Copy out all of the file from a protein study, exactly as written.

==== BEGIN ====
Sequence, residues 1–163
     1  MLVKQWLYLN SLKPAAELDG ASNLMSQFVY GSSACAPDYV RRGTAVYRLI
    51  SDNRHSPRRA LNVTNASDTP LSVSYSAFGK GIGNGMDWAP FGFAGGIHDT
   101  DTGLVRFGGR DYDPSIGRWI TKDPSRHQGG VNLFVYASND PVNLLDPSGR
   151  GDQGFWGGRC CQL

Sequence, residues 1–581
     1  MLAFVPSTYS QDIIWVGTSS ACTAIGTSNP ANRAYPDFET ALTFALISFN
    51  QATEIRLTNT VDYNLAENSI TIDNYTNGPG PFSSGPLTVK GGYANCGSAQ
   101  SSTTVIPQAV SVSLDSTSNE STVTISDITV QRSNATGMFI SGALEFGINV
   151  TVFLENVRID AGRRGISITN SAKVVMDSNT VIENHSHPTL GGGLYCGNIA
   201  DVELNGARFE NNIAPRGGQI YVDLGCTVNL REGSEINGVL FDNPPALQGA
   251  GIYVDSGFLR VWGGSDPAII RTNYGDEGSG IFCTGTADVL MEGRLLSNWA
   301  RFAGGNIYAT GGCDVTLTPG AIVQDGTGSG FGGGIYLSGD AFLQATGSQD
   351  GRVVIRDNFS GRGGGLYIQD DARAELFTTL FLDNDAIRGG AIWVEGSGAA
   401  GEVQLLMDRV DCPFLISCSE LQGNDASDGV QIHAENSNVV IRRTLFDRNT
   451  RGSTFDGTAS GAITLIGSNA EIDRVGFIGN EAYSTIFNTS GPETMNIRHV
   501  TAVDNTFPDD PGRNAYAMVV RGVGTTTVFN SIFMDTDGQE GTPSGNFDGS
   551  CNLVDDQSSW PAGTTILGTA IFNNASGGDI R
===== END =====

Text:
Sequence, residues 1–163
     1  MLVKQWLYLN SLKPAAELDG ASNLMSQFVY GSSACAPDYV RRGTAVYRLI
    51  SDNRHSPRRA LNVTNASDTP LSVSYSAFGK GIGNGMDWAP FGFAGGIHDT
   101  DTGLVRFGGR DYDPSIGRWI TKDPSRHQGG VNLFVYASND PVNLLDPSGR
   151  GDQGFWGGRC CQL

Sequence, residues 1–581
     1  MLAFVPSTYS QDIIWVGTSS ACTAIGTSNP ANRAYPDFET ALTFALISFN
    51  QATEIRLTNT VDYNLAENSI TIDNYTNGPG PFSSGPLTVK GGYANCGSAQ
   101  SSTTVIPQAV SVSLDSTSNE STVTISDITV QRSNATGMFI SGALEFGINV
   151  TVFLENVRID AGRRGISITN SAKVVMDSNT VIENHSHPTL GGGLYCGNIA
   201  DVELNGARFE NNIAPRGGQI YVDLGCTVNL REGSEINGVL FDNPPALQGA
   251  GIYVDSGFLR VWGGSDPAII RTNYGDEGSG IFCTGTADVL MEGRLLSNWA
   301  RFAGGNIYAT GGCDVTLTPG AIVQDGTGSG FGGGIYLSGD AFLQATGSQD
   351  GRVVIRDNFS GRGGGLYIQD DARAELFTTL FLDNDAIRGG AIWVEGSGAA
   401  GEVQLLMDRV DCPFLISCSE LQGNDASDGV QIHAENSNVV IRRTLFDRNT
   451  RGSTFDGTAS GAITLIGSNA EIDRVGFIGN EAYSTIFNTS GPETMNIRHV
   501  TAVDNTFPDD PGRNAYAMVV RGVGTTTVFN SIFMDTDGQE GTPSGNFDGS
   551  CNLVDDQSSW PAGTTILGTA IFNNASGGDI R